…. Or a True Conceit

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When I submitted the pieces for the interlocking project, I also provided a short video – short but not short enough to be uploaded here.  That video described the pieces and the background thinking to them.  I titled the video “Interlocking, or The Interconnectedness of All Things, or a True conceit” [now titles of the posts].  The video ranges from pre-history artifacts with maker’s marks and decoration to how some modern art exhibitions are curated by artists.  Along the way there is the question of “who defines what is art?”

Using “A True Conceit” in the title of the video was a play on meaning – a conceit maybe “excessive pride in oneself”, or “an ingenious or fanciful comparison or metaphor”, or “an artistic effect or device”, or “a fanciful notion”.  Which of these definitions was/were “true” for the video or for the pieces submitted for the project?  You, dear reader, get to decide.

So, to the last of triad of the three triads.  And again I have to disappoint in not producing three but only two and then refer to two other things.  You may recall that I questioned the shorthand of 3D in that it ignored the fourth dimension of time and what time gives us in the way of experiences and dimensions to our lives.


I suppose a small bottle with a label tied to its neck is usually associated with Alice in Wonderland.  But, instead of saying “Drink Me”, it says “Madeleine”.  Open the bottle and sniff.  There is a hint of vanilla, or perhaps something else.  Thing is, the old part of your brain involved with smell and emotion starts bringing up thoughts and memories associated with that smell.  I was trying to make a reference to Proust’s classic “A la Recherche de Temps perdu”, – In Search of Lost Time”.  Proust discussed how the taste and smell of a madeleine dipped in tea provoked involuntary reminiscences in the narrator:  there is an interlocking of smell and memory in time.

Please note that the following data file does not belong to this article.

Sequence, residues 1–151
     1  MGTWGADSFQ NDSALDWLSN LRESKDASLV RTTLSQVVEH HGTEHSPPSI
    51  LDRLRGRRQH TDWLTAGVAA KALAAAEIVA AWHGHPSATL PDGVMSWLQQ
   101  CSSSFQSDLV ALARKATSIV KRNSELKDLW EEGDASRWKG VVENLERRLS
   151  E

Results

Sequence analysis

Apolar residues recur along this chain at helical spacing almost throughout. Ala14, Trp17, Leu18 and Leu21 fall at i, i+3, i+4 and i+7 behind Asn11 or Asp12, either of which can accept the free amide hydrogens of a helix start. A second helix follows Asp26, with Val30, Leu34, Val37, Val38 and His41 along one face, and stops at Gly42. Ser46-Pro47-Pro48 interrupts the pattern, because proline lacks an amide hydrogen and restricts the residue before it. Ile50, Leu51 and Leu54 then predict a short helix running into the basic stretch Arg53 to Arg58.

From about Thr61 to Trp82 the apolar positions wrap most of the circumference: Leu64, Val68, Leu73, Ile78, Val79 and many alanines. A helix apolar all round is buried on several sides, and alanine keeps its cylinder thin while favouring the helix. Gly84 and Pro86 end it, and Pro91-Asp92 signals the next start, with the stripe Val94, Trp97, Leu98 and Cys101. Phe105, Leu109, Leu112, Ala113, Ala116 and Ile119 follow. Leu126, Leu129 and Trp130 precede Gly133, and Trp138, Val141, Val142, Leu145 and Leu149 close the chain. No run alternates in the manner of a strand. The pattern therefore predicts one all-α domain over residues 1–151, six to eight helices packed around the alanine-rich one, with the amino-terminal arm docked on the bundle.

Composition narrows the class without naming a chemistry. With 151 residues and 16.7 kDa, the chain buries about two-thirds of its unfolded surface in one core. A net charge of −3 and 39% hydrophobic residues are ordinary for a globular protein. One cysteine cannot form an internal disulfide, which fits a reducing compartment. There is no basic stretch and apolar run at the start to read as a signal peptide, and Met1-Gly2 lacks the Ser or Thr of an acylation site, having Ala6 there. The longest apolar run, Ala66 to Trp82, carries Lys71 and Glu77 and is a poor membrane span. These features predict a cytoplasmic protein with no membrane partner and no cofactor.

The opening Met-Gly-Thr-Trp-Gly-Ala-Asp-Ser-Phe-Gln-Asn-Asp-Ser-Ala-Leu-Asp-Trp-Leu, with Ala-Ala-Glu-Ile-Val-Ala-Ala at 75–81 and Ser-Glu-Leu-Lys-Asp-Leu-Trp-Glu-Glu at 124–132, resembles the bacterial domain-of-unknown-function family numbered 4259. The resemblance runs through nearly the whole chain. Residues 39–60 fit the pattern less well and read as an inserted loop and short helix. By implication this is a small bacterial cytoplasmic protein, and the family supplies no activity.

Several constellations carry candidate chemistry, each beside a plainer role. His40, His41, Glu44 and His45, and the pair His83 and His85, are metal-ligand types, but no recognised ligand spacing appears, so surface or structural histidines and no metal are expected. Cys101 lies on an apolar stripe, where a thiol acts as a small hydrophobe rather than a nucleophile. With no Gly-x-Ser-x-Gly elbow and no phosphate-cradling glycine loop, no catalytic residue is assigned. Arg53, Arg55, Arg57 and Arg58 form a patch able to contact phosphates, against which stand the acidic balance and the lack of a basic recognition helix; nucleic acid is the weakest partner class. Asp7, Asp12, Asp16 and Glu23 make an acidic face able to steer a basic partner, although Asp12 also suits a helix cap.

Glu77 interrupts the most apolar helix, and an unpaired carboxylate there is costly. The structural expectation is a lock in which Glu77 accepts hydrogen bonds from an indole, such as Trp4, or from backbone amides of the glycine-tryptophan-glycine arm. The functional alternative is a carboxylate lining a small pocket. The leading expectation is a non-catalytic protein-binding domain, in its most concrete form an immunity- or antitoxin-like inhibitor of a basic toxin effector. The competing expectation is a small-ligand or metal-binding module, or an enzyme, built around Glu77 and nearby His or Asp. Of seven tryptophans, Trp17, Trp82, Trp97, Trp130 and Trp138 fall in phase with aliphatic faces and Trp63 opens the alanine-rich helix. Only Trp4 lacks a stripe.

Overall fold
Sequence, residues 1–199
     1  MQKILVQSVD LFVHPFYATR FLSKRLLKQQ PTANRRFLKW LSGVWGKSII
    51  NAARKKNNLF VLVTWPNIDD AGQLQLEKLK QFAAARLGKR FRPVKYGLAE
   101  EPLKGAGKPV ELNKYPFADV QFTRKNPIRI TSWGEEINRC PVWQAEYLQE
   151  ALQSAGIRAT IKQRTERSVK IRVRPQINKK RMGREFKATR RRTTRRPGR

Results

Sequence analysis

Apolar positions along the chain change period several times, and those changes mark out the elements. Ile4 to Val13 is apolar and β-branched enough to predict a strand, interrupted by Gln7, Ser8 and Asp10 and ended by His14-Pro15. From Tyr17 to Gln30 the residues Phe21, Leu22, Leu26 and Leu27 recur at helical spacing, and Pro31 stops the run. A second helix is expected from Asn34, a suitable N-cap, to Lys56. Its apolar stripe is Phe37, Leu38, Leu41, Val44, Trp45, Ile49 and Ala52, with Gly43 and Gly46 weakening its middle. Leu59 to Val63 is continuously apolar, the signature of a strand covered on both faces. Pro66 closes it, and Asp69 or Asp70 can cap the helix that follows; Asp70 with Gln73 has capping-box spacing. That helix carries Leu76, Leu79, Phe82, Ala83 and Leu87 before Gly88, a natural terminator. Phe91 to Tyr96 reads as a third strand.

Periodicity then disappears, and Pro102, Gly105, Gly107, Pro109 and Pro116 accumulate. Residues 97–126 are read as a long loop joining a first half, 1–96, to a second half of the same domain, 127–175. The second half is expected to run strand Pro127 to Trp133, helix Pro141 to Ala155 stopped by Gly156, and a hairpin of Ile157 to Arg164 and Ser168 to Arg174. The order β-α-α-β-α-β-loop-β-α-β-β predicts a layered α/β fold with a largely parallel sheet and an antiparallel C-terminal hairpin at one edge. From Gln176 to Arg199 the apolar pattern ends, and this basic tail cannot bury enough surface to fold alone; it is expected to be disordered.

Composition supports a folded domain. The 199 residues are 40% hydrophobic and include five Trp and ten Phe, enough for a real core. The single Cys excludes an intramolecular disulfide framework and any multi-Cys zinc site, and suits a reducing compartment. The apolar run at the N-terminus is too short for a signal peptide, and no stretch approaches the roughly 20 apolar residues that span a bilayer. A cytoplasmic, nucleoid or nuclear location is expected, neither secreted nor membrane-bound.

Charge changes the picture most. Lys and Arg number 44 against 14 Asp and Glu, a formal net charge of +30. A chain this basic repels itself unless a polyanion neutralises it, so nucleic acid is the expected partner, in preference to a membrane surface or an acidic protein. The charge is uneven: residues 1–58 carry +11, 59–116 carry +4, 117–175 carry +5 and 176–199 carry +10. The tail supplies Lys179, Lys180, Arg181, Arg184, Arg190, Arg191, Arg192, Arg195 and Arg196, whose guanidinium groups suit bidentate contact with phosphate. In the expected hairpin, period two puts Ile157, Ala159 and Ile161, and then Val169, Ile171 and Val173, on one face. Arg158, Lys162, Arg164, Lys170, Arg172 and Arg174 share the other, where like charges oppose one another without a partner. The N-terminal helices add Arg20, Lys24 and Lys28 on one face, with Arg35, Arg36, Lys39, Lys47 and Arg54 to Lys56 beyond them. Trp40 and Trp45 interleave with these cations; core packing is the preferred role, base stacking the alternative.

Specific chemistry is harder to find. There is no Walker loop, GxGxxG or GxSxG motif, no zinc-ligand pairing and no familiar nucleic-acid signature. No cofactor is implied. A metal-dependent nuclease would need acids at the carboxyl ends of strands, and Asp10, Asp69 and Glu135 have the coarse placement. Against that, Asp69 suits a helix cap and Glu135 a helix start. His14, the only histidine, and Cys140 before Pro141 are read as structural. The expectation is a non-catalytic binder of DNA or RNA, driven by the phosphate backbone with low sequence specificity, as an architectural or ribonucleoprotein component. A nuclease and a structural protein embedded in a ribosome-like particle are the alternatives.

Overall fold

It’s a bit difficult to see but the piece of craft paper is loosely wrapped around a pair of scissors and a stone. On the one hand they allude to the playground game of “Stone, Paper, Scissors” [so there is again an interlocking with memory; perhaps reminiscences of playing the game but certainly the rules of the game].  BUT, the tangible items are superfluous to playing the game, since the articles are symbolised in the game by hand gesture.  It is the symbols that are locked in the circular order of power: Scissors cut paper, Paper wraps Stone, Stone blunts Scissors.  The real items as I presented them do not obey these rules  of the game as the paper is wrapping both the stone AND the scissors and the stone is specifically for sharpening blades not dulling them.

I couldn’t decide on the third item as I thought of two things that both had merit.  One is MONIAC  (Monetary National Income Analogue Computer) also known as the Phillips Hydraulic Computer.  Moniac jpeg

In MONIAC, water flows from and to various tanks and is controlled by opening and closing valves; the flow of water equating to the flow of money in the economy.  The flows in time are intimately interlocked, reduced flow in one part has knock on effects elsewhere.  An example of MONIAC working at Cambridge University can be seen on YouTube.

The other option were Lotka-Volterra equations, which [as you will see if you make the picture larger] are important for modelling predator-prey competition, disease versus the immune system, competition in markets and some chemical reactions.

L-V equations

Adjusting the parameters, alpha, beta, gamma, and delta, affects the interlocking of, say, prey and predator populations.  In modelling the process, the experimenter can manipulate these parameters in an iterative way to see what values best reflect real life data.  YouTube has examples of the equations being animated.

Thank you taking the time to follow my blog. Vincent

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One thought on “…. Or a True Conceit

  1. ifknot

    Yay for Lotka-Volterra you might like flocking behaviour too (?) complex emergent behaviour from simple rules for interlocking agents (in the 3 classical Cartesian dimensions) http://jasss.soc.surrey.ac.uk/13/2/8.html
    but I must say I prefer your Derridaesque deconstruction of the semantics of “3D” before you moved forward – down with dogma!

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